The Indian subcontinent is full of such examples where structures came to represent the portrayal of strength. From Qutub Minar of the slave dynasty in Delhi to Asafi Imambara of the Nawabs in Lucknow and the structures and gateways of British colonial architecture, whatever emerged on the ground gave a strong message of the arrival of a superpower and cast a shadow of strength over resistance. These are the structural examples from a pre-Independence India. But post-Independence, Nehru, the first Indian Prime Minister, set the precedent of a Modernist theory and hence India, a newly born independent state, saw its first modern structure in Chandigarh designed by Le Corbusier. Since then, architecture has been a tool to demonstrate the supremacy of this growing independent nation. Out of many such examples, the Hall of Nations – an agglomeration of exhibition spaces designed to celebrate the 25th year of Indian Independence – became a prominent symbol of Delhi’s skyline in 1972.

‘A space-framed built form poured in concrete, with column-free exhibition halls of spans of around 82m, was constructed probably for the first time in India and the world’

An AA-trained architect Raj Rewal, associate of the RIBA, along with a Minnesota and Columbia-trained civil engineer Mahendra Raj, strove to define architectural liberation in India. The duo worked on a masterpiece to portray India’s strength and growing power with limited resources. The end result became an architectural marvel, a landmark in the country and is seen as a symbol of Modernism reflecting Nehruvian modern theory. A space-framed built form poured in concrete, with column-free exhibition halls of spans of around 82m, was constructed probably for the first time in India and the world. The criss-cross ribbed structure portrays a strong bond shared between the diverse communities of the nation and its pyramidal form is the definition of Nehru’s idea of economic prosperity of a developing nation.

hall of nations interior

The then Prime Minister Indira Gandhi wanted to host an International Trade Fair under the roof of a structure that would epitomise the power of a young independent state: the Hall of Nations. Incorporating the Hall of Industries and a memorial to Nehru, the Hall of Nations, conceived by the architectural and structural genius of its time, is a remarkable architectural achievement with minimal resources. The design of the complex displays passive cooling devices with the use of perforated patterns known as traditional jaalis, and ribs work as sun-breakers providing shade from Delhi’s harsh sun, allowing the circulation of air and natural ventilation. With huge exhibition halls, since its construction the Hall of Nations has played host to enormous exhibitions, performances and related activities, including a World Trade Fair, Auto Expo and World Book Fair. The memorial is a display of Nehru’s personality showcasing his Modernist theories and strong leadership abilities.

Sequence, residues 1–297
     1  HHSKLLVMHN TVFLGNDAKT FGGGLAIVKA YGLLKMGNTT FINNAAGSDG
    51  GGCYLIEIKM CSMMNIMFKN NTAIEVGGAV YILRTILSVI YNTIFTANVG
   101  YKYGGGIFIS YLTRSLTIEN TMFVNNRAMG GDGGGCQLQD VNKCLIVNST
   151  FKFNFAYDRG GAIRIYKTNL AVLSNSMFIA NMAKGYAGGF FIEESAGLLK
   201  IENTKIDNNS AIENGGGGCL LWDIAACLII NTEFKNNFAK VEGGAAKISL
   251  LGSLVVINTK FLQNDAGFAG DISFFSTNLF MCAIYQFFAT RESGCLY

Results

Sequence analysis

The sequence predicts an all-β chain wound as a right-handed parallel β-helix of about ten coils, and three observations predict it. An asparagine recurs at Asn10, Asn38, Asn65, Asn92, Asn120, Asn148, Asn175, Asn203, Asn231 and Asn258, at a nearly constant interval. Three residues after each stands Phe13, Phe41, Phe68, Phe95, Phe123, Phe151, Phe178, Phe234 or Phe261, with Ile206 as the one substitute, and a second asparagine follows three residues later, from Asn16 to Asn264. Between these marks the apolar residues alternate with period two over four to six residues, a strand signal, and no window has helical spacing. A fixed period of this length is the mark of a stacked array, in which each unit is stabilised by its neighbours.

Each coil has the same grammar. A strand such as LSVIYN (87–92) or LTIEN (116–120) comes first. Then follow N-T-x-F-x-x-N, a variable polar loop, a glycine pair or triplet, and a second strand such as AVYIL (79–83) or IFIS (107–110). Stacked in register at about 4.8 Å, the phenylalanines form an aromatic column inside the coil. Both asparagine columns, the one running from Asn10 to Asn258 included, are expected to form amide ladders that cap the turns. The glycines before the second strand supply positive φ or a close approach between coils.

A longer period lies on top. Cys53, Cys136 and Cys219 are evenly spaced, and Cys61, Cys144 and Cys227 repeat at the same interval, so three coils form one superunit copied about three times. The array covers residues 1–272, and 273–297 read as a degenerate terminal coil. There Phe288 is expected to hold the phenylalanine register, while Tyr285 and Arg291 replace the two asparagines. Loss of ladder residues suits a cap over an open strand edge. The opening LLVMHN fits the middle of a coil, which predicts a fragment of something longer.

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‘The structure, seen as the symbol of Modernism and architectural liberation in India, today faces a threat of destruction in the name of facelift and world-class facilities’

In contemporary India, the Hall of Nations’ architectural form and structural beauty is studied by architecture and structural engineering students. But at the same time, the structure, seen as the symbol of Modernism and architectural liberation in India, today faces a threat of destruction in the name of facelift and world-class facilities. The India Trade Promotion Organisation (ITPO), which looks after the Hall of Nations’ affairs, has suggested a makeover for the Hall of Nations, Halls of Industries and the Nehru memorial, making way for a world-class convention centre, exhibition halls and underground parking facilities. The proposal is with the Ministry of Urban Development (MoUD) and the final call for the demolition of these iconic structures lies with the heritage conservation committee of the ministry.